# local complete intersection

The following is an Exercise 1.1.11 of Hartshorne's Algebraic Geometry.

Let $Y\subset \mathbb{A}^3$ be the curve given parametrically by $x=t^3, y=t^4, z=t^5$. Show that $I(Y)$ is a prime ideal of height $2$ in $k[x,y,z]$ which can not be generated by $2$ elements. We say $Y$ is "not a local complete intersection".

My question is why is it called "local"? Should not we look some localization of $k[x,y,z]/I(Y)$?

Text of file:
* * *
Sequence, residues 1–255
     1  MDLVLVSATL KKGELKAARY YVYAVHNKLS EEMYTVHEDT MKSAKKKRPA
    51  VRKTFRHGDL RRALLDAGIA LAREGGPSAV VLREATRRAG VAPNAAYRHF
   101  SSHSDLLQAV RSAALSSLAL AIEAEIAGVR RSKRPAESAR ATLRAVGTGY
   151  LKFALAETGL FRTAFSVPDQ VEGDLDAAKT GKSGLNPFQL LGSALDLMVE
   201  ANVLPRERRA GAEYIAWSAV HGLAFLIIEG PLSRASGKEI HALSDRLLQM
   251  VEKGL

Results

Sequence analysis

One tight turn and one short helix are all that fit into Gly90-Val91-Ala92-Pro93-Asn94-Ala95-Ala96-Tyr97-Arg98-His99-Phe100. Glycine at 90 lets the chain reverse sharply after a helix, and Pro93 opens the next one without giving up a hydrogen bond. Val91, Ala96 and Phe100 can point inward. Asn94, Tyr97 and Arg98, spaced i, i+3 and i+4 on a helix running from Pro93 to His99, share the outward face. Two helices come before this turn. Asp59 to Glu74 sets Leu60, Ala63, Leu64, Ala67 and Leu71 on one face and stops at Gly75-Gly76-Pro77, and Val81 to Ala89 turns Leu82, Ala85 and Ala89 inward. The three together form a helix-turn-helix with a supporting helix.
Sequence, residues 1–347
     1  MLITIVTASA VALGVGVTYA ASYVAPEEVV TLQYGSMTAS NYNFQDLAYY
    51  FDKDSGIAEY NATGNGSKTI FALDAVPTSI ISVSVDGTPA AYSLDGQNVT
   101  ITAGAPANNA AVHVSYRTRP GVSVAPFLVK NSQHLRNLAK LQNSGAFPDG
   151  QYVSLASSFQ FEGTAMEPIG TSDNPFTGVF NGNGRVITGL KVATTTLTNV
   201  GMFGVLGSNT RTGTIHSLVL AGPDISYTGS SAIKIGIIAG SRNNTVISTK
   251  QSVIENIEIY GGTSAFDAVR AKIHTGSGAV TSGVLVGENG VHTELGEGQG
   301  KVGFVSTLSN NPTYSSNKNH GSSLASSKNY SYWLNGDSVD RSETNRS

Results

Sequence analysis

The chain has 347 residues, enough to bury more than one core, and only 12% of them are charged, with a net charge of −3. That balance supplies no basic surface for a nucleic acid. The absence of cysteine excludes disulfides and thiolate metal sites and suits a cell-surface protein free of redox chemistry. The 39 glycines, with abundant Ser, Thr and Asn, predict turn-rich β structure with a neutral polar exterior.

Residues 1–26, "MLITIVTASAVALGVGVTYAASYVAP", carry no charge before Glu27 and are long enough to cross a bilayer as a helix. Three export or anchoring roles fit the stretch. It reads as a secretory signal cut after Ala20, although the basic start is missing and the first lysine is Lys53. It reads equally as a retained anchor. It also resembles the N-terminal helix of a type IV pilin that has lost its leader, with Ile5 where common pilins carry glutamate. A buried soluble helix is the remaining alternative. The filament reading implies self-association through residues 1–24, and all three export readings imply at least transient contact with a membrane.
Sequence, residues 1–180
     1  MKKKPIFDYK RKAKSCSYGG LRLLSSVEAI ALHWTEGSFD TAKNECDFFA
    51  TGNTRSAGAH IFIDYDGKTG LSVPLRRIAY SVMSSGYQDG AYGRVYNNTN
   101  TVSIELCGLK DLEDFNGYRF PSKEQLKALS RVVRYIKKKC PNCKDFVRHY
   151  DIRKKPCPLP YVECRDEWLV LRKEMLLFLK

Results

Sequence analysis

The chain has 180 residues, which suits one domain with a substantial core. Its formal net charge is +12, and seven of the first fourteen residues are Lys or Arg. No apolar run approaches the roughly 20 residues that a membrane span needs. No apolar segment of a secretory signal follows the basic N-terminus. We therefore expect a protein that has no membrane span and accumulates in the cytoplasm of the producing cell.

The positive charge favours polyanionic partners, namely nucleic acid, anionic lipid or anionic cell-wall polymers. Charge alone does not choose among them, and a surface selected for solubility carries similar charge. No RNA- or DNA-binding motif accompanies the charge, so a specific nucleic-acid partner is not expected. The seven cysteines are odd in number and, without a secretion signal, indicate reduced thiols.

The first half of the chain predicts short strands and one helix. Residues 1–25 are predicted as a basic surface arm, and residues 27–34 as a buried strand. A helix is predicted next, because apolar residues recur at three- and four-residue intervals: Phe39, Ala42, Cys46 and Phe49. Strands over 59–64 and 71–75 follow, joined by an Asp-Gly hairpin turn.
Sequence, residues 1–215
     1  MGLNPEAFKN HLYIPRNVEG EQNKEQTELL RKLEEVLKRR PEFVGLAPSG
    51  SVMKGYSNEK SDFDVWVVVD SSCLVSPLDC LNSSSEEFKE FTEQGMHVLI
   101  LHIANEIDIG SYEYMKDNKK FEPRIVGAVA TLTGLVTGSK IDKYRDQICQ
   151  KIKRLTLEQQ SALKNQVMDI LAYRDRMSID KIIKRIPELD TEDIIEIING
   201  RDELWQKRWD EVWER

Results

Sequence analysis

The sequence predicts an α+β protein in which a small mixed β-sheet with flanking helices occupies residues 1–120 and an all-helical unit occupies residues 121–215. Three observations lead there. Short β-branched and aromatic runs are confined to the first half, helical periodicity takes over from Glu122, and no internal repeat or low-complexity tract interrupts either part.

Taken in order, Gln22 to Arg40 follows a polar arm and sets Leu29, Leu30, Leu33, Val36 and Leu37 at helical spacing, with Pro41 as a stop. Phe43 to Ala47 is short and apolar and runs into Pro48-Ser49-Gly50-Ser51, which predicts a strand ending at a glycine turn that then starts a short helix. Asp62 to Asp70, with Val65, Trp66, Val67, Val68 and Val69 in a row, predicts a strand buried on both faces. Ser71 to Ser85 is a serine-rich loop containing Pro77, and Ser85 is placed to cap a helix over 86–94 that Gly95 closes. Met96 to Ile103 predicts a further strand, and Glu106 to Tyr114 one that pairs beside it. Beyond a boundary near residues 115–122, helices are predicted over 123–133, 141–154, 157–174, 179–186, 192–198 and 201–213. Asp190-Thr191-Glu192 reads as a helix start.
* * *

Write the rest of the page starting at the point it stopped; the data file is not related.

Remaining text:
-
You can easily see that $I$ localized at any prime ideal of the polynomial ring is in fact a complete intersection except for the prime (maximal) ideal $(x,y,z)$. So, I is not a local complete intersection. –  Mohan May 22 '13 at 14:16

## 1 Answer

A ideal defining a complete intersection has a regular sequence as a generating set. Then a local complete intersection would be a quotient ring which has a regular sequence as a generating set after some localization.

-